Doctrine of the Church

Commitment to the Local Church, Part 2

This post is a continuation of a prior post on commitment to the local church.

Commit to Serve in Your Local Church

The fourth commitment you should make when it comes to the local church is the commitment to serve the other members of your church. By serving one another we are simply following the example of Jesus himself who “came not to be served but to serve, and to give his life as a ransom for many” (Mark 10:45). This is why the apostle Paul commands his churches: “through love serve one another” (Galatians 5:13). Paul also tells us that it is for the purpose of empowering us to serve one another that God has given each Christian spiritual gifts: “Now there are varieties of gifts, but the same Spirit; and there are varieties of service, but the same Lord; and there are varieties of activities, but it is the same God who empowers them all in everyone. To each is given the manifestation of the Spirit for the common good” (1 Corinthians 12:4-7). While it is true that we should be willing to serve anyone with whom we come into contact, in 1 Corinthians 12 Paul is specifically writing to the local church in Corinth and the implication of verses 4-7 is that the spiritual gifts God had given the believers in that church were to be used to serve one another. In other words, while the local church is not the only place we should serve using our spiritual gifts, it is the primary place we should serve using our spiritual gifts. Every disciple should ask themselves, how am I contributing to the health and mission of my local church through serving?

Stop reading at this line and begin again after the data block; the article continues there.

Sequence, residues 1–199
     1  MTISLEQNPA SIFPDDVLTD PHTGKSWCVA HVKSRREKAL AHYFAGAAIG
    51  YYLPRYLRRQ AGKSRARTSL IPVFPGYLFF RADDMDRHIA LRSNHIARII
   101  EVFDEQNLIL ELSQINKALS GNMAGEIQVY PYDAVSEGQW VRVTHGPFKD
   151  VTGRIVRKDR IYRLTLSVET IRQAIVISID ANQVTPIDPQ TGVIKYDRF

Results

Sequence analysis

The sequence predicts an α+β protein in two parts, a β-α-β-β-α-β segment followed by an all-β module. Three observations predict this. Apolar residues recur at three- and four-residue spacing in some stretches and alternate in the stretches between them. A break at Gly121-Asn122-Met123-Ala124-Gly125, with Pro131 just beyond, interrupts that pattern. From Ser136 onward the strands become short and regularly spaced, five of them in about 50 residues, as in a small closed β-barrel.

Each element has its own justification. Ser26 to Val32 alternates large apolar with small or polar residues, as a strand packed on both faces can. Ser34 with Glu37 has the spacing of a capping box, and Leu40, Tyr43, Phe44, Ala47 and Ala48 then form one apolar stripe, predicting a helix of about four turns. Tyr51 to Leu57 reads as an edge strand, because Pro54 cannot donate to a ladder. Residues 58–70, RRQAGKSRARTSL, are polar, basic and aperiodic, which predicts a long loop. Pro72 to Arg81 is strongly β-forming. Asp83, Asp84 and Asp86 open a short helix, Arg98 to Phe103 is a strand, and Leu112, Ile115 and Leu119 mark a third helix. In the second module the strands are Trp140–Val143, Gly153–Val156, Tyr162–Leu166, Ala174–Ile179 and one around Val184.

Commit to Give through Your Local Church

A fifth commitment that every Christian should make to their local church is the commitment to give through their local church. Giving through your local church is really just another way of serving the family of disciples that you are most responsible for serving. In the Old Testament, believers were expected to tithe (literally “give a tenth”) of all of their finances to the temple. This money would then be used to support the worship practices that took place in the temple, to support the priests whose full time job was to minister in the temple, and to help meet the needs of the needy among the covenant community. These needs still exist in the new covenant community, and so it is no surprise that the New Testament also emphasizes the need for believers to give financially. Christians are expected to give for two main reasons: (1) to support the church’s ministry and mission, and (2) to support the church’s poor and needy.